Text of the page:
Orchestral music by Debussy and Ravel

Author: 
Robert Layton
debussy ravel karajan

DEBUSSY La mer; Prélude; RAVEL Daphnis Suite No 2; Boléro

  • Prélude à l'après-midi d'un faune
  • (La) Mer
  • Pavane pour une infante défunte
  • Daphnis et Chloé Suites, Suite No. 2

Karajan's 1965 DG account of La mer was a classic and, together with Giulini and the Philharmonia from 1963 (HMV SXLP30146, 8/72), dominated the catalogue for more than a decade. Alas, when the DG was reissued the Second Suite from Daphnis et Chloe, a ravishing account of the score, was replaced for some reason by Bolero. So I naturally approached this new issue with the keenest anticipation—indeed, excitement.
I began my listening with the Prelude a l'apres-midi d'un faune but was rather put off by the sweet-toned, wide vibrato of the flautist, wider and more honeyed than Karlheinz Zoller in either the 1965 performance for DG or the 1978 for EMI (reissued earlier this year): the player is uncredited here. Indeed, for all the beauties of the orchestral playing and the splendour of the digital sound, this Prelude a l'apres-midi does not capture the magic Karajan distilled in his 1965 account: this remains one of the most beautiful readings of this work ever committed to record. (Elsewhere—and most importantly, in the ''Pantomime'' movement of Daphnis—the flute vibrato is less extreme and obtrusive.)
The new record of La mer itself is by any standards very fine indeed: Karajan's interpretation does not differ in broad essentials from 1965. Indeed, putting various passages of all three recordings side by side, one realizes that the differences of detail are small (the opening of the ''De l'aube a midi sur la mer'' is marginally more measured in the 1978 account than in 1965 or 1986) but it is one's overall (and inevitably subjective) impression of the three performances that tells. The 1978 opening strikes me as a bit self-conscious, whereas both this newcomer and the 1965 record bring the score immediately before one's ears. The new recording incidentally is among the best to have emerged from the Philharmonie in recent months, and the sound of the Berlin strings is sumptuous with detail well placed and in a generally natural perspective. The new La mer is very much closer to the earlier reading and it is a joy to relish the beauty of the playing in such clear, well-defined sound. However, of the three, the 1965 account is always the one I want to go on listening to. It has that indefinable quality that one can more readily recognize than describe, a magic that makes one forget the performer and transports one directly into the composer's world. The difference between this new La mer and the earlier one, is that between a very fine performance and a great one.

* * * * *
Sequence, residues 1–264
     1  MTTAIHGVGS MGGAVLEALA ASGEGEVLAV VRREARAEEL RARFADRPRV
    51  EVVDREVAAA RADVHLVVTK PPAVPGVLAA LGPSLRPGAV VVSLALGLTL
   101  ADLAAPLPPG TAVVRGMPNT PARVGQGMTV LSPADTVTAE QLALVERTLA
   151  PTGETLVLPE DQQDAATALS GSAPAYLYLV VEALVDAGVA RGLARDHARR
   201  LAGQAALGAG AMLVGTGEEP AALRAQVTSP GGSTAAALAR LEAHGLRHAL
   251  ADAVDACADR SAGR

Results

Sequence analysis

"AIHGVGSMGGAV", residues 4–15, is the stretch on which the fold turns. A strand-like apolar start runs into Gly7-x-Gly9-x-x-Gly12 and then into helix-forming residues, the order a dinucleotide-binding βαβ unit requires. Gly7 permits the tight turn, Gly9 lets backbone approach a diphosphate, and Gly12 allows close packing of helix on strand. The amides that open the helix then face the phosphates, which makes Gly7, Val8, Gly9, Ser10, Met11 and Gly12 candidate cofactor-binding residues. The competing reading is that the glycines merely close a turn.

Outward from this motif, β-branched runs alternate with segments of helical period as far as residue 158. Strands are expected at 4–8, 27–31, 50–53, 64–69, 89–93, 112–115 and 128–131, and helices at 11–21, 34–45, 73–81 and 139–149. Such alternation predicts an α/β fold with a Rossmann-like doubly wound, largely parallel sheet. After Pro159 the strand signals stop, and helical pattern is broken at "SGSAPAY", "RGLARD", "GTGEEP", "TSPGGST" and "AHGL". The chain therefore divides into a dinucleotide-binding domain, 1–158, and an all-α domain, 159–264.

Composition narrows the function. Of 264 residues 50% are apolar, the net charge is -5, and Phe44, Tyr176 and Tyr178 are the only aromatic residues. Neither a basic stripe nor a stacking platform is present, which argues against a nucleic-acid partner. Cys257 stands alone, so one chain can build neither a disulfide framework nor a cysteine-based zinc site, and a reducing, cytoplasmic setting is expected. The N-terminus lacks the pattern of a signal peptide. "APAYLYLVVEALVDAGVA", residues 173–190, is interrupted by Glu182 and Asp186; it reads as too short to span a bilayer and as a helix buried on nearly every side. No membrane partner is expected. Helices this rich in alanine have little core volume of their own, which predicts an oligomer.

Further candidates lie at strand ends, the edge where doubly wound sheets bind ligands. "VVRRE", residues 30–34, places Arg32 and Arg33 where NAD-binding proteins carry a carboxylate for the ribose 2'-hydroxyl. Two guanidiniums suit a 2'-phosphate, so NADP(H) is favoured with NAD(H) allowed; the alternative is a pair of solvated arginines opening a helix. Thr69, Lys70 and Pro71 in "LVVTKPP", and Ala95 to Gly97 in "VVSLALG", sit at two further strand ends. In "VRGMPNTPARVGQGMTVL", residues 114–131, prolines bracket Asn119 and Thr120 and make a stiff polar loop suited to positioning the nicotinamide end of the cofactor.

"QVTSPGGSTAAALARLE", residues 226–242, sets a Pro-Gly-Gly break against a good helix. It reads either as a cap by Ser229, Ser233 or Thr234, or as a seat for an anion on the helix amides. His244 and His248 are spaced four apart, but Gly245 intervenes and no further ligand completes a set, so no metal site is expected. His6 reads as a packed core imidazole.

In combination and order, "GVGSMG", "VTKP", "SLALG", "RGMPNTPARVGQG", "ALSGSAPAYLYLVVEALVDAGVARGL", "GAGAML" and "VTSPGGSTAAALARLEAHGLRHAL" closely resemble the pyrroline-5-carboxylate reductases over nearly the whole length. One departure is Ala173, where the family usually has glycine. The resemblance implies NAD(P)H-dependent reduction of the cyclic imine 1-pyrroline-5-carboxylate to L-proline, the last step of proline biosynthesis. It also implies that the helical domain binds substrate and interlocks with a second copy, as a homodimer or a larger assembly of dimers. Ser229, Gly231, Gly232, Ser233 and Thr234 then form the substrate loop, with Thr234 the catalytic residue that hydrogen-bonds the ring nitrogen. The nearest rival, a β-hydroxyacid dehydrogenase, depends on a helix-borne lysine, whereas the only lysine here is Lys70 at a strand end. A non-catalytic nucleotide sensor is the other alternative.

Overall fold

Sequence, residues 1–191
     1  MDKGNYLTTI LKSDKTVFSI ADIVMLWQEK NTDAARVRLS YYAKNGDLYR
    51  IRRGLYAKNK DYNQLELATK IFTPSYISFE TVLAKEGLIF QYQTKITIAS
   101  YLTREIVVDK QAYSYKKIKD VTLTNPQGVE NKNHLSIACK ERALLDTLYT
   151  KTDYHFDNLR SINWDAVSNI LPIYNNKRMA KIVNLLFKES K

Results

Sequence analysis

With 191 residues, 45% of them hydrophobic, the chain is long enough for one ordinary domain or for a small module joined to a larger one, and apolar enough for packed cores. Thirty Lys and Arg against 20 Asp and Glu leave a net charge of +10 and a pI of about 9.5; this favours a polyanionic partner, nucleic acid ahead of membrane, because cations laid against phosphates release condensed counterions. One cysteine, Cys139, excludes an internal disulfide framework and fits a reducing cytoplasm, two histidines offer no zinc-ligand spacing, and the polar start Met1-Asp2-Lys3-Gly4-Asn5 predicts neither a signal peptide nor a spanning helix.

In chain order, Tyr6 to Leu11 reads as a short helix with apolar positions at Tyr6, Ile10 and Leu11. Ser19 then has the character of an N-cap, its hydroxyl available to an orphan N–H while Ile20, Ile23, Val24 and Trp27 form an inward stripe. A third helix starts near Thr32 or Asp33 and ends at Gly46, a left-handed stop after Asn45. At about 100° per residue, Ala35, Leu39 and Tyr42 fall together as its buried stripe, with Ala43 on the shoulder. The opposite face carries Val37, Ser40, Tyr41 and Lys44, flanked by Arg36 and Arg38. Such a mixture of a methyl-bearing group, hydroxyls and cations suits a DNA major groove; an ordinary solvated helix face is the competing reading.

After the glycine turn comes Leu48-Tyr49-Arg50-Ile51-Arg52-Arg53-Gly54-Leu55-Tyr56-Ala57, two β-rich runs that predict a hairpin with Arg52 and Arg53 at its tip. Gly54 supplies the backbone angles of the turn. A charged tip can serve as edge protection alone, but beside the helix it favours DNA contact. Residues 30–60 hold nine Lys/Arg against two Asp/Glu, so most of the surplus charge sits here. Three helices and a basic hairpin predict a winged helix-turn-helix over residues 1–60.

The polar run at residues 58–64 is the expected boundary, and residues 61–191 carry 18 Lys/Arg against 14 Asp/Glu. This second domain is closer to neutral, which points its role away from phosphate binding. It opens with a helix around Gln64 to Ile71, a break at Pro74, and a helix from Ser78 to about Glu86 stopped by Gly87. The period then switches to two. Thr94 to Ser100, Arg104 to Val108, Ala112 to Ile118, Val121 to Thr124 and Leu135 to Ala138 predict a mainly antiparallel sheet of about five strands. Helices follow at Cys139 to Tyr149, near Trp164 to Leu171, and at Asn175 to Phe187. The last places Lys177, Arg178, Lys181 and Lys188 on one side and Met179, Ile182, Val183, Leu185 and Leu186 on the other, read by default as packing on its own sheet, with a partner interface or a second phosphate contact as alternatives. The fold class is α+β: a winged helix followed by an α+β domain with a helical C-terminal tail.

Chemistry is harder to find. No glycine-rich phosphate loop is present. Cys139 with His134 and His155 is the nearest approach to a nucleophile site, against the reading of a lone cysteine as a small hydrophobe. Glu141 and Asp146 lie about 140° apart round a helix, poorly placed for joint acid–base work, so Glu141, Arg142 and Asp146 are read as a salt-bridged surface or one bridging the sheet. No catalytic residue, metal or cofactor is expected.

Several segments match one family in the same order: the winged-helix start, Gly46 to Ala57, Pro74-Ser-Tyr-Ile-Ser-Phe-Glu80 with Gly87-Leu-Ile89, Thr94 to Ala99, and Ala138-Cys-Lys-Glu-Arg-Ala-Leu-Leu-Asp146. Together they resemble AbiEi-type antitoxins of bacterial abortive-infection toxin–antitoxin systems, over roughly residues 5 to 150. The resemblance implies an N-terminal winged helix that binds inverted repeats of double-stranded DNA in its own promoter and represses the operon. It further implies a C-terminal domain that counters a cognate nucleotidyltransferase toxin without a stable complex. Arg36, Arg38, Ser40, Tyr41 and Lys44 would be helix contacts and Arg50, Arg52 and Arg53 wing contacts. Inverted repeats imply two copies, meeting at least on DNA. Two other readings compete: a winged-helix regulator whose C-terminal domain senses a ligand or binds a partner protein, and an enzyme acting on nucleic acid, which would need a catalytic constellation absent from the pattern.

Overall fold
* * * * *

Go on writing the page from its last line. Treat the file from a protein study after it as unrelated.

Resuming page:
The new Daphnis is again marvellously played and no one coming to it is likely to be disappointed, but again, it, too, misses something of the extraordinary rapture and ecstasy that informed Karajan's earlier account. If no one hearing the newcomer will be disappointed, no one hearing the 1965 version will ever be likely to forget it. (Like his La mer, this is a great performance—and it should be restored to circulation.)
Summing up: for CD collectors the choice for La mer resides between Karajan and Sir Colin Davis with the Boston orchestra on Philips—a refined recording, coupled with the Nocturnes and having just replayed it I am really torn between them. I must say I also like Tilson Thomas on CBS in spite of an unnaturally balanced and lush recording. On LP the Davis is handicapped by a rather low-level transfer, while Serge Baudo (EMI Eminence) has the advantage of excellent quality (see ''Sounds in Retrospect'' on page 946) and is most competitively priced. Moreover, Jonathan Snowden's playing in the Prelude a l'apres-midi is most poetic and I would strongly recommend it. In a class of its own, as I have already said, is the mid-price 1965 DG Karajan listed above.'

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